A “vintage era” for Irish small business exporters will likely extend through next year, as the euro remains lower for longer against sterling than once thought, leading economists have predicted.
The rise of sterling and the dollar against the single currency has provided Irish exporters with an exceptional advantage in exporting goods and services.
The drop in the value of the euro against sterling has benefited small and medium sized businesses in the Republic in exporting to Britain because exporters are able to price goods and services competitively, due to the gains of the currency.
The euro has slid from 80 pence in late 2014 to 72 pence, mainly because the US and the UK are on the verge of raising interest rates, while the ECB has been desperately struggling to ignite growth across the eurozone by pumping money into financial markets through its quantitative easing (QE) programme.
Analysts say despite all “the noise” last week when the Fed decided not to raise rates, and speculation about the timing of the UK rate rise, that any rise by the ECB would likely be two years behind the US central bank and the Bank of England.
“We think that the euro has further to fall against sterling, it will go as low as 67 pence in the first quarter” next year, said Philip O’Sullivan chief economist at Investec Ireland.
Mr O’Sullivan said that the UK economy, driven by the strength of domestic demand, is growing strongly despite the constraints of the strong pound that is harming the country’s exports.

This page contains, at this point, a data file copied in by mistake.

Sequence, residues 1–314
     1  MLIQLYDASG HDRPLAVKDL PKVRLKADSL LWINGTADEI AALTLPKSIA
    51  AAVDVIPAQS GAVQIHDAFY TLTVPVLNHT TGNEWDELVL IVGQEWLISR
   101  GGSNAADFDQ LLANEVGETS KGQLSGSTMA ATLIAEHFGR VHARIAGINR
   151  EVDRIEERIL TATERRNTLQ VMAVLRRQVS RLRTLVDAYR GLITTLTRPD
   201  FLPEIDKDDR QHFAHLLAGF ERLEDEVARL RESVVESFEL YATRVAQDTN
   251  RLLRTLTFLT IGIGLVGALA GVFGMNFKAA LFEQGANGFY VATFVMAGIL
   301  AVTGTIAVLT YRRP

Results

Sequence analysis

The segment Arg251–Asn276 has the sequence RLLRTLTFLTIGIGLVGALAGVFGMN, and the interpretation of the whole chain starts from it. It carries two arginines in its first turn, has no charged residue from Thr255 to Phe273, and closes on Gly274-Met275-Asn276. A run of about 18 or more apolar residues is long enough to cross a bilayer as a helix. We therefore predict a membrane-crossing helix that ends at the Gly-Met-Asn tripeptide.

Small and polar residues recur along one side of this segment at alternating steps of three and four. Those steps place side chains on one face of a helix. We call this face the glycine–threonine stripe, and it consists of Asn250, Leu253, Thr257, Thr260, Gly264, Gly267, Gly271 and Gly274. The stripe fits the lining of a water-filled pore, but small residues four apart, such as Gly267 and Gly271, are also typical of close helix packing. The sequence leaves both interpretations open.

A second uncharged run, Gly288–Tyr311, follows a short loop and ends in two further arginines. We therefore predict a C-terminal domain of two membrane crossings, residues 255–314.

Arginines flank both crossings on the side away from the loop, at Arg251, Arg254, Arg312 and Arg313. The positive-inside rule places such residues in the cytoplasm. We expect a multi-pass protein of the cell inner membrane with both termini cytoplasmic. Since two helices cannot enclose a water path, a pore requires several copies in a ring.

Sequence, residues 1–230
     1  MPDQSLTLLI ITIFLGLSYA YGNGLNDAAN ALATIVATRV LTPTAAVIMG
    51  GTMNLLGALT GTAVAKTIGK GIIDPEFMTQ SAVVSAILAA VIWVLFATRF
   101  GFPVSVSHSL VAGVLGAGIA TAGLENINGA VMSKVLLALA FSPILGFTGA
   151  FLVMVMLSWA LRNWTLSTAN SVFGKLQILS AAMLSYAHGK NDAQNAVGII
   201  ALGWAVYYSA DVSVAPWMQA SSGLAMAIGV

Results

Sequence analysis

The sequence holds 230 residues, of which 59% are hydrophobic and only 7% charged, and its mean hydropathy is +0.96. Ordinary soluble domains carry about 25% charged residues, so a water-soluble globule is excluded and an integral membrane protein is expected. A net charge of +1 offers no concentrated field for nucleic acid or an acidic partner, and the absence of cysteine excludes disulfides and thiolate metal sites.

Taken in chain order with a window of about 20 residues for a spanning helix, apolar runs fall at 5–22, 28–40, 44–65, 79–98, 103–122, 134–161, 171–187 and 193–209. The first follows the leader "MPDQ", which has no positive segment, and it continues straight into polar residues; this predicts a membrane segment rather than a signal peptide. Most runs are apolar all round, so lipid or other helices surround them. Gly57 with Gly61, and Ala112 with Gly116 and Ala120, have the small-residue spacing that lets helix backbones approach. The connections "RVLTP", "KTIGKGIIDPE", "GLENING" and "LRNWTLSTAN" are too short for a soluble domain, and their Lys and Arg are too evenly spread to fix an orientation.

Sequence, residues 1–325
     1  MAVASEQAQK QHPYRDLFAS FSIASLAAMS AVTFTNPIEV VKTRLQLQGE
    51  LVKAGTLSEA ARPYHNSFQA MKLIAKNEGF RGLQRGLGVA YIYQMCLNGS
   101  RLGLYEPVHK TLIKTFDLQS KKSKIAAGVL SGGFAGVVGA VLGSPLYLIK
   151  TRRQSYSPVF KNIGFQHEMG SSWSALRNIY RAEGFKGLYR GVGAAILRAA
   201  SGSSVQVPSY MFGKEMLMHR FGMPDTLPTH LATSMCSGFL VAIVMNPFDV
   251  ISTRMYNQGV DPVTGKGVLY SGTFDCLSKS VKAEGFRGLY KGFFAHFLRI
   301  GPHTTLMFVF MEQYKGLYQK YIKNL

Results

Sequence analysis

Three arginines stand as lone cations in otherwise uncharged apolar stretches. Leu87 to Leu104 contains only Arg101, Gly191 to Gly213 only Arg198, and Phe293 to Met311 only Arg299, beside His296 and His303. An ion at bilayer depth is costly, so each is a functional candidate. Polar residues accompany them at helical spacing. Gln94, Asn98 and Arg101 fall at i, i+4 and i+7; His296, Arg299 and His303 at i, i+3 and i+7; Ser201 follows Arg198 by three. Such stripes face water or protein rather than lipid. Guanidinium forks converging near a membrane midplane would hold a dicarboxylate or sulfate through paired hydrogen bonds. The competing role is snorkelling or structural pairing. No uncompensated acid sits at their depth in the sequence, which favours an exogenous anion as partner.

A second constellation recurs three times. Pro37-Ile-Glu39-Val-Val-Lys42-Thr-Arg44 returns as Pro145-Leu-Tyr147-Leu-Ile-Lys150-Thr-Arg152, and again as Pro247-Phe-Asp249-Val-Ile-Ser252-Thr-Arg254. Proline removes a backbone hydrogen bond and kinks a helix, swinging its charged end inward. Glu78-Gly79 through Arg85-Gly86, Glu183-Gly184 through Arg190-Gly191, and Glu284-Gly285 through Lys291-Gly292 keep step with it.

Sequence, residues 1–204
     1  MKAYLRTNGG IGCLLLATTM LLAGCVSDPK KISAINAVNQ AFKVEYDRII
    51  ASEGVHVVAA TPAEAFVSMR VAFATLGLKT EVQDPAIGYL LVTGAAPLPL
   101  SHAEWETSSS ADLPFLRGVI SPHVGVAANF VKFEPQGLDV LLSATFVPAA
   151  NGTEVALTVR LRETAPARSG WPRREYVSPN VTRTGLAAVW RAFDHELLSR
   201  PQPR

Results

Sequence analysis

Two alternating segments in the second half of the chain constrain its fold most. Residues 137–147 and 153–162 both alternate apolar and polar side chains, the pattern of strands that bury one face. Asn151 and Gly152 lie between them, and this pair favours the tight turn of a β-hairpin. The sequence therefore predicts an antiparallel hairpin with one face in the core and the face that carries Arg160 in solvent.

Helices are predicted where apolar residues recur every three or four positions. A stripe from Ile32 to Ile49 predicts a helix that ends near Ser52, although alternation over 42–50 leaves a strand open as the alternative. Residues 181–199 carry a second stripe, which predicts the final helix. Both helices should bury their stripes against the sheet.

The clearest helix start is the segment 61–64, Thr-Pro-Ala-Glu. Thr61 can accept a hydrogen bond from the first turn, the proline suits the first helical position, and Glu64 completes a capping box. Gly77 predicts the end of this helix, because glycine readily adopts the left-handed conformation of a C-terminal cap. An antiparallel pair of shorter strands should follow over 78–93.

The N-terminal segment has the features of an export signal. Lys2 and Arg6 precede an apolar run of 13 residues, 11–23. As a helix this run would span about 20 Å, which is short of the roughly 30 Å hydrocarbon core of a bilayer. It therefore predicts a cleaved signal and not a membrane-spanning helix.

Investec says that a Bank of England rate rise has been delayed but only by a few months and that UK rates will rise during the first three months of next year.
Meanwhile, the euro should remain comparatively weak despite ECB president Mario Draghi raising doubts about further boosting QE.
Yesteday, the euro climbed against most of its major counterparts as Mr Draghi said more time is needed to judge whether further stimulus is required.
“It doesn’t sound as though he’s rushing to extend or pursue even more aggressive language and rhetoric,” Jeremy Stretch, head of foreign exchange strategy at Canadian Imperial Bank of Commerce, said of Mr Draghi.
“A lot of this is priced in but we do expect that the event of the [US and UK] rate increases means that there will be a bit more of euro weakness to come,” said Mr O’Sullivan.
Conall Mac Coille, chief economist at Davy Stockbrokers, said that many analysts believe that sterling will rise further against the euro.
Once the Fed raises rates the Bank of England won’t be far behind. The ECB’s QE programme will maintain the pressure on the euro.
“It has been below 70 pence at one stage. You would think that it could happen again, especially with the ECB doing so much easing, it could happen again,” said Mr Mac Coille.
“Irish exporters have enjoyed a considerable benefit in competitiveness and that is not going to go away,” he said.
Mr O’Sullivan at Investec said that the slowdown in China may be “good news” for Irish exporters, as long as the rout of emerging markets doesn’t spread: “It is a vintage year. It will go down as a vintage year,” he said.
“We are seeing the best year for exporters for the best part of a decade.”
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